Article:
Emelianenko-Mitrione bout postponed due to American’s illnessSport February 19, 4:06
OSCE unable to identify perpetrators of cyber attacks against it - secretary generalWorld February 19, 4:02
Russian biathletes win gold in relay at 2017 IBU World Championships in AustriaSport February 18, 18:30
Putin signs decree on recognition of documents given to Donbass peopleRussian Politics & Diplomacy February 18, 17:26
Sberbank CEO says no repeat of crisis in the short termBusiness & Economy February 18, 17:24
Judging by certain statements at Munich Conference, "cold war" is still not over — LavrovRussian Politics & Diplomacy February 18, 15:19
Bout’s lawyers will challenge Court of Appeals’ decision in Supreme Court on February 21Russian Politics & Diplomacy February 18, 7:16
Turkish Minister reproaches NATO for not fulfilling obligations on its south-eastern flankWorld February 18, 7:12
Moody's upgrades outlook on Russia’s sovereign rating to stable from negativeBusiness & Economy February 18, 2:37
TBILISI, April 27 (Itar-Tass) - Georgia’s Prime Minister Bidzina Ivanishvili does not rule out that “under the previous authorities militants may have been trained in the country’s territory.”
He shared his suspicions in an interview on the Rustavi-2 television channel on Friday evening, as he mentioned an investigation of the August 2012 security sweep in the Lopota gorge.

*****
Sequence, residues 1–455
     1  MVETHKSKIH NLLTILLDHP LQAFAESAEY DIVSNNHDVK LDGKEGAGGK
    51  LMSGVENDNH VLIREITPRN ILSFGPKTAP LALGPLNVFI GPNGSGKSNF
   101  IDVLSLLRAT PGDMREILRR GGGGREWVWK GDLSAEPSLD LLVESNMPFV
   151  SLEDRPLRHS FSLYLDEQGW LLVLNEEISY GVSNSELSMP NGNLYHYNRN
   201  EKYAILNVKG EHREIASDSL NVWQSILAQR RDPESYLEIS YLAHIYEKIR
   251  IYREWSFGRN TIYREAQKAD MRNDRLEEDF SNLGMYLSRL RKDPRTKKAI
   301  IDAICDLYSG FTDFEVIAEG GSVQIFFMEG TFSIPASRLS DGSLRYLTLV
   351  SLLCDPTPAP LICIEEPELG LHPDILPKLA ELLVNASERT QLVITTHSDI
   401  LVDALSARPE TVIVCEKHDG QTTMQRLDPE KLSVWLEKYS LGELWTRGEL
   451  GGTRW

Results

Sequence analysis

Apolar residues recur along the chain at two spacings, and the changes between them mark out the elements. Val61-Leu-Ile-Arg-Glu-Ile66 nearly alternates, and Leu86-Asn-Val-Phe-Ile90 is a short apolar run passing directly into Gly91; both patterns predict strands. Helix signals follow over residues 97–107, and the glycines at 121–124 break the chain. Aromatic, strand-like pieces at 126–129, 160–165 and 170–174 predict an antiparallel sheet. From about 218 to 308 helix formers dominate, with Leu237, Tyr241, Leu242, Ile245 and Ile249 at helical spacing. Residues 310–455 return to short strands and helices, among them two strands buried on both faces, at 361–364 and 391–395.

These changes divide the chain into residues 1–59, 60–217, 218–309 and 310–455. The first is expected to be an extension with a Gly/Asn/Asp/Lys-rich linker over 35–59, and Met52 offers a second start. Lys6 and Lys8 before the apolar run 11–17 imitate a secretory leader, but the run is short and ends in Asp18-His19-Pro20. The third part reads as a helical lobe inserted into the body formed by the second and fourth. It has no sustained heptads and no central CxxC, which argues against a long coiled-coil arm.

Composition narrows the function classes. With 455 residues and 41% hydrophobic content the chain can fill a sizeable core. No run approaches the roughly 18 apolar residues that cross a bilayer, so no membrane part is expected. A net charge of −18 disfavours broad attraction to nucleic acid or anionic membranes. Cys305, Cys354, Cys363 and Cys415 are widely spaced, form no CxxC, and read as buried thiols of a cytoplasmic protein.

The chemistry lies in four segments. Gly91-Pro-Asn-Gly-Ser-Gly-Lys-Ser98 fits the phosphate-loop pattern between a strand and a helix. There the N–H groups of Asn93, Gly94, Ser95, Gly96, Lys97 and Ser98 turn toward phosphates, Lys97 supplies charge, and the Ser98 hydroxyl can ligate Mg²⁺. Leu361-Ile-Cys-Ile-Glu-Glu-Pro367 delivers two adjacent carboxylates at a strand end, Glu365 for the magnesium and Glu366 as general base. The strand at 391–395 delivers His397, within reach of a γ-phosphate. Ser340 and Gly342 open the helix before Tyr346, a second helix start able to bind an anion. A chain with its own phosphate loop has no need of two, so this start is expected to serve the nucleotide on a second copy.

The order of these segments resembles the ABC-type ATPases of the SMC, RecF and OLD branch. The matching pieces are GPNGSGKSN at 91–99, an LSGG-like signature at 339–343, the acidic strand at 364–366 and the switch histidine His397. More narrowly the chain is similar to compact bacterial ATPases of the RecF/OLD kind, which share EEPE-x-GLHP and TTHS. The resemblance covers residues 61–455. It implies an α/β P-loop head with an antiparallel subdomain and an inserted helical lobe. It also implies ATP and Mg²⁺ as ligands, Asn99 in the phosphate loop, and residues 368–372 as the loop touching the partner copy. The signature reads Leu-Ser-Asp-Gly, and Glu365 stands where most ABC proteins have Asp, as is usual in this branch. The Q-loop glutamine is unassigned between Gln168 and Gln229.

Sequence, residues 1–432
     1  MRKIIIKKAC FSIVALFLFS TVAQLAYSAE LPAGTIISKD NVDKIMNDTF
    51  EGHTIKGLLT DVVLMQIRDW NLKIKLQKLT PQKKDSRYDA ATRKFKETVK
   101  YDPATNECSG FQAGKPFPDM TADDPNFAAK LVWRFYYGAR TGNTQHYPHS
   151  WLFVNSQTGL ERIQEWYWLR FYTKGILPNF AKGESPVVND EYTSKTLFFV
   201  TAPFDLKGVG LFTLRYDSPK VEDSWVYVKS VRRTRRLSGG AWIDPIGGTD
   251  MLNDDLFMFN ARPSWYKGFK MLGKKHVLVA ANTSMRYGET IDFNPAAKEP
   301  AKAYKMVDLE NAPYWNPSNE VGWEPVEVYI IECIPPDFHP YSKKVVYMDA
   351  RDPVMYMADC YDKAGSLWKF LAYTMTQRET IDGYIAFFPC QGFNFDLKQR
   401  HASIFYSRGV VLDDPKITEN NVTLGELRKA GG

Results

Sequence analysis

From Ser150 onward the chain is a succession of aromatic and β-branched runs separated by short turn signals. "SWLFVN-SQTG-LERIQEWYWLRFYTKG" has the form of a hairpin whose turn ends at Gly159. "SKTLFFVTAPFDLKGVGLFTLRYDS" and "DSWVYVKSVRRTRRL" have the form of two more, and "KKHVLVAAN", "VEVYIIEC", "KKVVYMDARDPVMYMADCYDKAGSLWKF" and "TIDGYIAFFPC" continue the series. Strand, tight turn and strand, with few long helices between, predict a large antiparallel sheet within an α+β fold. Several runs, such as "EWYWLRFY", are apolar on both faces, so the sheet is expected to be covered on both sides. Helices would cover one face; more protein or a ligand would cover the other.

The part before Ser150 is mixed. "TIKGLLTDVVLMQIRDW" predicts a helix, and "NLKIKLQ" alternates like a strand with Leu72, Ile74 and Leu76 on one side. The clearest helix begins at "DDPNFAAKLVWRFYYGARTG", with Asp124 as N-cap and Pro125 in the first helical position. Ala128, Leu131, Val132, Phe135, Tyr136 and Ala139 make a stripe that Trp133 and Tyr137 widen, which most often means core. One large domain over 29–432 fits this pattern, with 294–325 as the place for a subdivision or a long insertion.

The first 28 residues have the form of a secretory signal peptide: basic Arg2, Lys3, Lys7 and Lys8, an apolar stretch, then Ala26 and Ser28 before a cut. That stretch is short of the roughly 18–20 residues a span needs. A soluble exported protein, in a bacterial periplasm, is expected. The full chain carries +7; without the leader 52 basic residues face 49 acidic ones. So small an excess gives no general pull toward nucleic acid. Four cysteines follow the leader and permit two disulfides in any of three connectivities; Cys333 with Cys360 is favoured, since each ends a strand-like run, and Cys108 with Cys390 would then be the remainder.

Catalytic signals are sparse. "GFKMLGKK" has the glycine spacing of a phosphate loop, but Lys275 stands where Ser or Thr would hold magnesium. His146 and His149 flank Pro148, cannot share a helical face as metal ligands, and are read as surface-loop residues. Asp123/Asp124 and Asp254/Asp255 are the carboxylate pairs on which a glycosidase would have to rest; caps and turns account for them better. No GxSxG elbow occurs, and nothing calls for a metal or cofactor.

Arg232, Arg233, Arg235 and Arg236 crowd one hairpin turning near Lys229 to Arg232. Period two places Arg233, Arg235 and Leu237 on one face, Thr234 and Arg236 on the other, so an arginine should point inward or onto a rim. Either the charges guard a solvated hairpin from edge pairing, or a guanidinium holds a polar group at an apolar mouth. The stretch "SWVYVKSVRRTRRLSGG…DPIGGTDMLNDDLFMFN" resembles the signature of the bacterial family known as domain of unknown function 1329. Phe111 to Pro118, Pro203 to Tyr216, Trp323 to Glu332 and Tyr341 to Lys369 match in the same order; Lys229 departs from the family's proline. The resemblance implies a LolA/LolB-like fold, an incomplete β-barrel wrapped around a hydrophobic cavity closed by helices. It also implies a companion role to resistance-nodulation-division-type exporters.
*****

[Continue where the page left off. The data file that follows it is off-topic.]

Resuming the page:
Ivanishvili said that “the ombudsman expressed his opinion as to what, according to his sources, took place before and during the special operation in Lopota gorge.”
“I shall refrain from making my own conclusions for now. The investigation will be over soon, and we shall learn many interesting things, possibly, shocking things. There is the suspicion the previous authorities were in contact with militants, but we shall have to wait for the investigation to be completed,” he said.
At the beginning of this month ombudsman Ucha Nanuashvili said in his annual report that “the armed Chechens who were liquidated in the Lopota gorge had not entered Georgia from the North Caucasus, contrary to what was said then, but were invited by Interior Ministry officials to Georgia from Europe for training with the aim of being sent to Chechnya.”
The ombudsman said that 120 Chechens and other North Caucasus-born men had arrived in Georgia from Europe since March 2012, hoping for a chance to cross the border into Chechnya. All were undergoing training at bases near Tbilisi.
The course of instruction lasted for too long, “which caused their anger and they demanded a corridor should be opened for them towards the Dagestani section of the Georgian-Russian state border.”
The report said the Georgian Interior Ministry responded with refusal and demanded they should hand in their weapons. When the Chechens refused, the Georgian law enforcers launched an anti-terrorist operation. Seven Chechens and a number of Georgian law enforcers died, the ombudsman said.
Several former Georgian Interior Ministry officials dismissed the charges as absurd. In the meantime the Chief Prosecutor’s Office said it would look into the matter and make a decision to be officially announced later.